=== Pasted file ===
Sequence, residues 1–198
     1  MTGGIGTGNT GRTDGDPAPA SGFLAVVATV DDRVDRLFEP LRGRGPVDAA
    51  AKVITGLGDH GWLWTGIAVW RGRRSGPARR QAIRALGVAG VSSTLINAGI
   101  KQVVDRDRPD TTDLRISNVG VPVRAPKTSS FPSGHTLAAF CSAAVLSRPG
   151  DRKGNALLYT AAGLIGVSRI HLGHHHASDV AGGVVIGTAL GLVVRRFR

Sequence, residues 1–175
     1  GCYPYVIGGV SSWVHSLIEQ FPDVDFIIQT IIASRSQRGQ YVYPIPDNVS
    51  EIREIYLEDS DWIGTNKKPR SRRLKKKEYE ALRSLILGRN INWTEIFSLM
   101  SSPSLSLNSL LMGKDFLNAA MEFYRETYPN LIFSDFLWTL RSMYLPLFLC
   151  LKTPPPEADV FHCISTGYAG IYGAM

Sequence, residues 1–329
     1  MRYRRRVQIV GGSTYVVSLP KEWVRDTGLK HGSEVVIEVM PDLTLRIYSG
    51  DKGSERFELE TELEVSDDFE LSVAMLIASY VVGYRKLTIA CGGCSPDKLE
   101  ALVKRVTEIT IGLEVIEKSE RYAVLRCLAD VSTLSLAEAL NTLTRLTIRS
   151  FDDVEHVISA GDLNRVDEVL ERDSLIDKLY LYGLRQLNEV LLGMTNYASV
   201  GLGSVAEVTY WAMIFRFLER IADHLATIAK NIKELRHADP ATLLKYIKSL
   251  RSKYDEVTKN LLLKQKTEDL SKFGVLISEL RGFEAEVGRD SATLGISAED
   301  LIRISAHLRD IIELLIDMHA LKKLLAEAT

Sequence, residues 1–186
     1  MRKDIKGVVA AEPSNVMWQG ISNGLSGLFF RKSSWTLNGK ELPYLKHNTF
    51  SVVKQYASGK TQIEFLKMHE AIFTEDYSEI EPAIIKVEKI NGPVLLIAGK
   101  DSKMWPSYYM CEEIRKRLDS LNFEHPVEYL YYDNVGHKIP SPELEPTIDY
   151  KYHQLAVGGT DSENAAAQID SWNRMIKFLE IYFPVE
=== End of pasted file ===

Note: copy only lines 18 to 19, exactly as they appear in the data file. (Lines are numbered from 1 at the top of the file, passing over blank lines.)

   301  LIRISAHLRD IIELLIDMHA LKKLLAEAT

Sequence, residues 1–186